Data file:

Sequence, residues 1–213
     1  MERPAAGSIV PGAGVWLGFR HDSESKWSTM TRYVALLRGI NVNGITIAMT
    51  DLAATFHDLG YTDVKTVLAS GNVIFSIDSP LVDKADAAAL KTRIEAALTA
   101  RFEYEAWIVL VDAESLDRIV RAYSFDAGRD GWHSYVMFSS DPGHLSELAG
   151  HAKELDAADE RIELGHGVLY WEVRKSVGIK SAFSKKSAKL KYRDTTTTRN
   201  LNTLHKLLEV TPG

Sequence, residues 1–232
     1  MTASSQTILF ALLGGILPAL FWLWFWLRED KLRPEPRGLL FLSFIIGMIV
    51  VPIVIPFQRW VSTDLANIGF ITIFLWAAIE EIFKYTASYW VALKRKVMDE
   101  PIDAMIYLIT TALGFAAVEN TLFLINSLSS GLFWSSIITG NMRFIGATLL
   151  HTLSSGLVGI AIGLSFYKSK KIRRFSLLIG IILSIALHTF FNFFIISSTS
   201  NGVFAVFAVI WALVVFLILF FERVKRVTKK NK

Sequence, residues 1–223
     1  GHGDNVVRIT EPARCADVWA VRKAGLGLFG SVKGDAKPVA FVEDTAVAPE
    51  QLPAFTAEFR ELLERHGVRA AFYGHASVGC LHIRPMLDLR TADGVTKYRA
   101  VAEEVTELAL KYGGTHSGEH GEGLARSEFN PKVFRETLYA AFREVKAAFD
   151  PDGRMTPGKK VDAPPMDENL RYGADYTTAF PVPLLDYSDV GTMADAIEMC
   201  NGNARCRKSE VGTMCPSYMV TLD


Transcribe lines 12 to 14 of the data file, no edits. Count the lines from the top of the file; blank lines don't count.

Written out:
   201  NGVFAVFAVI WALVVFLILF FERVKRVTKK NK

Sequence, residues 1–223
     1  GHGDNVVRIT EPARCADVWA VRKAGLGLFG SVKGDAKPVA FVEDTAVAPE